West Nile Virus


The West Nile Virus (WNV) belongs to the Flaviviridae family. It is transmitted to humans and animals through the bite of infected Culex mosquitoes which are active from dusk to dawn. The mosquitoes acquire the virus from feeding on infected birds. Human to human transmission does not occur.


West Nile Virus is commonly found in North America, Europe, Africa, the Middle East, and west Asia. Long-term travellers visiting endemic areas are at risk. Older persons and those with a weakened immune system or pre-existing health conditions are at increased risk of getting ill. Peak transmission occurs during summer months.


The majority of cases are asymptomatic – persons do not exhibit symptoms. Approximately 1 in 5 people have symptoms which include a fever, headaches, nausea, vomiting, muscle aches, including a rash (typically on the torso) and swollen glands. Symptoms usually last a few days to several weeks. More severe symptoms of the illness include high fever, disorientation, tremors, convulsions, paralysis, and coma that can cause neurological damage. In rare cases the illness can be fatal. Treatment includes supportive care of symptoms and prevention of secondary infections.


Travellers going to areas with outbreaks of West Nile Virus should take measures to prevent mosquito bites. There is no preventive medication or vaccine against West Nile Virus for humans.

  • Use a repellent containing 20%-30% DEET or 20% Picaridin on exposed skin. Re-apply according to manufacturer's directions.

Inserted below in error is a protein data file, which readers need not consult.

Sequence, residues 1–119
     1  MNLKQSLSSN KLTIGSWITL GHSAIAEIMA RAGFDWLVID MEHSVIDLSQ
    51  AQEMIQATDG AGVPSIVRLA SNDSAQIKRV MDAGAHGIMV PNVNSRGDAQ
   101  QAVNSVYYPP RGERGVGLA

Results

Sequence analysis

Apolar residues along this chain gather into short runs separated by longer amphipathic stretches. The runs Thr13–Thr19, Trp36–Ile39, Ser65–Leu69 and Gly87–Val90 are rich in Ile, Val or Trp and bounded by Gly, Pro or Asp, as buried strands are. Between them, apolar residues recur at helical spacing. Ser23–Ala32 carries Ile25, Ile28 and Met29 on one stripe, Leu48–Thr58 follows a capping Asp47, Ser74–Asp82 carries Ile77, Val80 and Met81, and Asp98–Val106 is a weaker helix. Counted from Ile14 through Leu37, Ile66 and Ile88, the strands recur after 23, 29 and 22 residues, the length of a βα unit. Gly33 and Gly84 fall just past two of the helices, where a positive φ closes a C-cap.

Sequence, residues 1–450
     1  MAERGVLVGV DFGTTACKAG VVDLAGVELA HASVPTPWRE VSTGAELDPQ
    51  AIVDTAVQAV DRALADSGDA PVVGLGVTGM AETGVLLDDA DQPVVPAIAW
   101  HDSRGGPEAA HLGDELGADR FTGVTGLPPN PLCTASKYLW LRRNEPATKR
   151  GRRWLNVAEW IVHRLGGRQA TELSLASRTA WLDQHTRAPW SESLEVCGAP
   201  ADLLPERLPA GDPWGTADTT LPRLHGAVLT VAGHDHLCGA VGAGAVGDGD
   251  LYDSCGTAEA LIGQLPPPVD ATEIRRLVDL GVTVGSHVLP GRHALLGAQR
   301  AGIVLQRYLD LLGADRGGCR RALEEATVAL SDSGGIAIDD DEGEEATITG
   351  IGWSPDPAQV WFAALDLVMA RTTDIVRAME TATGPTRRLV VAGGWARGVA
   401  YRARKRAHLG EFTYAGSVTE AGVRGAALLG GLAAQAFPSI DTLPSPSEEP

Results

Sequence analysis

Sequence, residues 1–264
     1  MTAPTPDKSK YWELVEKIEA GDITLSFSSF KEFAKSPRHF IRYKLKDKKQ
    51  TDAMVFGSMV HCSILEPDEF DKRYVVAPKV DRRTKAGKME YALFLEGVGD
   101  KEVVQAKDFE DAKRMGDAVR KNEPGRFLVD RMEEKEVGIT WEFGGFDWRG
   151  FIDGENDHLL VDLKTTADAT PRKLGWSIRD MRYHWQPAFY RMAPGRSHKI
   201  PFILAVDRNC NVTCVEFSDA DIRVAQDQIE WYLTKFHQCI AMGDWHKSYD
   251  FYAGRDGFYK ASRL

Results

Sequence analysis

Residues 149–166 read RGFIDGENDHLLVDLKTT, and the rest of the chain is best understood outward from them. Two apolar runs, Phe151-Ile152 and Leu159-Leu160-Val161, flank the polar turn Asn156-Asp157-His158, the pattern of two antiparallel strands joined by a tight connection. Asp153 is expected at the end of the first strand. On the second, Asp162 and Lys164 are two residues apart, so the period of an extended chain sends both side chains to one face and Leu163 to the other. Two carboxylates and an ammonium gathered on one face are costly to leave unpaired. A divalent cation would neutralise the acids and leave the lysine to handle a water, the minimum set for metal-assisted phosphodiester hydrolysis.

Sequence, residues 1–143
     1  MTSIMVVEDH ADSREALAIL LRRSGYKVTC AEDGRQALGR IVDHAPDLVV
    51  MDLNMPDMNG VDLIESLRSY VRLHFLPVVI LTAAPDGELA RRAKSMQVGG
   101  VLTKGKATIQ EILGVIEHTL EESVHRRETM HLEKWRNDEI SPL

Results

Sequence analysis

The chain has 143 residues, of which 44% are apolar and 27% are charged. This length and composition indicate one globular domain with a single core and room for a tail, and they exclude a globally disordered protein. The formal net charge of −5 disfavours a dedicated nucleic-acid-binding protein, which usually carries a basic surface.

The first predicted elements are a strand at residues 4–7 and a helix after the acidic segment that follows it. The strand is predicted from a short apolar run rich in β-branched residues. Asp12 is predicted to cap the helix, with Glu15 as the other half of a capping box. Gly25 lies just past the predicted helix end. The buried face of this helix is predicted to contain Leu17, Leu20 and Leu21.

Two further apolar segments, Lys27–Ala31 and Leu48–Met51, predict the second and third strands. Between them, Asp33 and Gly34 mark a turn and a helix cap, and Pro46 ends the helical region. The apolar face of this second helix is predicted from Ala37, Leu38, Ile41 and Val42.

• Wear neutral-coloured (beige, light grey) clothing. If possible, wear long-sleeved, breathable garments.
  • If available, pre-soak or spray outer layer clothing and gear with permethrin.
  • Get rid of water containers around dwellings and ensure that door and window screens work properly.
  • Apply sunscreen first followed by the repellent (preferably 20 minutes later).
  • For more details, see IAMAT's insect bite prevention.

West Nile Virus images, life cycle, and distribution maps: Infection Landscapes

Information last updated: February 23, 2021. 

  • Campbell GL, Staples JE, Sejvar JJ, Fischer M. West Nile Virus Disease. In: Jong, E; Stevens, D, eds. Netter’s Infectious Diseases. New York: Saunders Elsevier; 2012: 554-559.
  • Wertheim, Heiman; Horby, Peter; Woodall, John, eds. Atlas of Human Infectious Diseases. Oxford: Wiley-Blackwell; 2012. 273 p.
  • Centers for Disease Control and Prevention: West Nile Virus
  • European Centre for Disease Control: West Nile Virus
  • Public Health Agency of Canada: West Nile Virus
  • World Health Organization: West Nile Virus Fact Sheet No. 354

  • Risk of West Nile Virus is present in the following countries: